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Chilly Season for Job Hunters
Special> Chilly Season for Job Hunters
UPDATED: January 18, 2009 NO. 4 JAN. 22, 2009
A New Movement
Much of China's vast army of migrant workers is returning home as the financial crisis worsens


ROAD HOME: Migrant workers at Guangzhou Railway Station on December 28. Vast numbers have returned home from China's developed coastal region in recent months amid rising unemployment (LIU DAWEI) 

Beijing West Railway Station was as crowded as it always is at this time of year, with the Spring Festival just a week away. The waiting halls were stuffed with passengers, mostly migrant workers, chatting in all different kinds of dialects, while they sat on benches or their bags.

"I lost my job one month ago and I tried to find a new one but ended up with nothing. Since there's nothing for me to do here in Beijing, I'd better go home now. Anyway, the Spring Festival is coming," said a young man surnamed Li, from Hebei Province. He was eating a bowl of instant noodles for lunch in the corner of the waiting hall while he waited for his train, due in two hours.

Li used to work at a food factory in the suburbs of Beijing. The factory failed to survive the globe-sweeping economic crisis and its closure left dozens of migrant workers like Li jobless.

"Several of my co-workers packed up and went home instantly after the factory closed. I decided to try my luck, but there turned out to be no luck for me after a month of job hunting," Li said with a sigh as he finished the noodles.

Li is just one of the millions of migrant workers who have been affected by the massive economic slump. According to a local newspaper in Hebei, 400,000 of the 6 million migrant workers from the province have returned home. Such a large-scale rush by migrant laborers back to their hometowns has posed never-before-seen problems, according to the newspaper.

It is actually a common problem for many provinces and regions in China, a country that currently has 120 million migrant workers.

Since October 2008, there has been a huge movement of migrant workers back to their hometowns from the Pearl and the Yangtze River deltas, as a wave of businesses have closed. According to reports, the number of migrant workers by the end of October in China's developed coastal areas dropped by 6.5 percent over the same period in 2007.

Local governments have tried to protect the interests of migrant workers. Cities in south China's Guangdong Province, such as Dongguan, Foshan and Shenzhen, aim to provide training for migrant workers. The Dongguan City Government plans to ask all enterprises to pay into a government reserve fund to guarantee workers' wages if factories close.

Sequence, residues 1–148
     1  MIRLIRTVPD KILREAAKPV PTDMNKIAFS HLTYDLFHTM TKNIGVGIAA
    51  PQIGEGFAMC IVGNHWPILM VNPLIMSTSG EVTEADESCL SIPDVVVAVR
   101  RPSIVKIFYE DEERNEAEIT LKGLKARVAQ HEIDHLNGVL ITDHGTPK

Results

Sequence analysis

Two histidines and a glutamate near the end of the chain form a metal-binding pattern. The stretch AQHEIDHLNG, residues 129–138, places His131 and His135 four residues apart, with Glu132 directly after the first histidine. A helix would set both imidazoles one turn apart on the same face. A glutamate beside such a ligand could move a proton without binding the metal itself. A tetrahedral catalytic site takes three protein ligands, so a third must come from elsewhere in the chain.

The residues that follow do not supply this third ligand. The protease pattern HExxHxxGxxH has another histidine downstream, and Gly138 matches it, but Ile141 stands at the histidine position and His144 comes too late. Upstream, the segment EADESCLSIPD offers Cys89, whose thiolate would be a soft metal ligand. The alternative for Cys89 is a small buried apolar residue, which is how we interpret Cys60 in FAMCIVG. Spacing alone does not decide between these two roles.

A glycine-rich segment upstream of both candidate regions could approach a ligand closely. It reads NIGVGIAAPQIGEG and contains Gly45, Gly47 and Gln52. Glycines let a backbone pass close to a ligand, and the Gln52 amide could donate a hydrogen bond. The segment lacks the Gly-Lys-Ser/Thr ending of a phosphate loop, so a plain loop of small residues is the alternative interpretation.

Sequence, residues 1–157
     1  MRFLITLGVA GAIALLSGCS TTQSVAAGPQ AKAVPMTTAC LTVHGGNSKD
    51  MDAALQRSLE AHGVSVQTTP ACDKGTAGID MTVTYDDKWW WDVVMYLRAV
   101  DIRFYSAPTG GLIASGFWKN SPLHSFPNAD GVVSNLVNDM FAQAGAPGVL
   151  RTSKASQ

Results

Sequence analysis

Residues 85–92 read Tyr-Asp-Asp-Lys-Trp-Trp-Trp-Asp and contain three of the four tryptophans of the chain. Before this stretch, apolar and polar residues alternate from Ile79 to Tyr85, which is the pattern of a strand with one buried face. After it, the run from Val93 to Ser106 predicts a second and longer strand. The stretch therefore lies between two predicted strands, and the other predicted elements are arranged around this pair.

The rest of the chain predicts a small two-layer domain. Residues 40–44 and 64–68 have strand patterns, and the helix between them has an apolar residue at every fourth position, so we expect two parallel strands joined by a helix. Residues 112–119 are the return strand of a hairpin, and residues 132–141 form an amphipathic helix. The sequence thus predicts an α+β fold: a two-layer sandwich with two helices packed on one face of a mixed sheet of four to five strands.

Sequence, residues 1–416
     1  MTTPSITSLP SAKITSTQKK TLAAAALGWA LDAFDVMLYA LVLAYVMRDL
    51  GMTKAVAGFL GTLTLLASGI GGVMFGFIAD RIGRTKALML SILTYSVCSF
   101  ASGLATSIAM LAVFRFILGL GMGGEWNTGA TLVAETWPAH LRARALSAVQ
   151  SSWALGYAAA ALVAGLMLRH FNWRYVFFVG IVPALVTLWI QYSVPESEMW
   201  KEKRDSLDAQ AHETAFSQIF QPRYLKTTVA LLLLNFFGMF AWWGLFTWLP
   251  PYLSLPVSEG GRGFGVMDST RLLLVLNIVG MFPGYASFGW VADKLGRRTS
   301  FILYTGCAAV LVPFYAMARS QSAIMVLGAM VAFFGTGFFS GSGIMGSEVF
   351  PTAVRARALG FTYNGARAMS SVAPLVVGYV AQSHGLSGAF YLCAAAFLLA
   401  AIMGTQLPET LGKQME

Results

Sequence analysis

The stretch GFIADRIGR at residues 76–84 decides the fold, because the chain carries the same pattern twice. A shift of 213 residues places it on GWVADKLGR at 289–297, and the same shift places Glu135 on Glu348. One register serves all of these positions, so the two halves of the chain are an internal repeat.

In the central provinces of Henan, Hubei, Jiangxi and Anhui, local governments have held job fairs for returned migrant workers. Sixty enterprises provided more than 3,600 jobs for migrant workers at a single job fair held recently in Hanchuan City, Hubei Province.

Many hi-tech and large-scale enterprises in the Pearl River Delta are avoiding lay-offs and others are actually hiring. They are shortening workers' hours to lower costs and keeping skilled workers ready for an upswing in business.

At the macro-level, China's Ministry of Human Resources and Social Security Ministry is trying to include migrant workers in its unemployment registration network, making it mandatory for local authorities to register those who lose their jobs after having worked for more than six months in a city.

The introduction of services such as new job recommendations and unemployment insurance payments to the unemployed is also being studied, according to Minister of Human Resources and Social Security Yin Weimin.

The ministry is also considering providing unemployment-insurance subsidies to companies so that workers are not retrenched. It has asked large state-owned enterprises to shoulder their social responsibility and avoid laying off workers if possible. Meanwhile, local labor and social security authorities have been told to monitor struggling enterprises, and ensure that firms don't make people unemployed unnecessarily.

Local governments are also encouraging returned migrant workers to start their own businesses. Preferential policies regarding loans, taxes and business registration have been launched to help capable migrant workers carve out their own careers.

In Anhui Province, 700,000 migrant workers have returned home and started all kinds of enterprises.

Returning migrant workers have brought skills, information and all sorts of talents, which have pumped vigor into local economic development, said Zhu Yong, head of the Anhui Provincial Department of Human Resources and Social Security.

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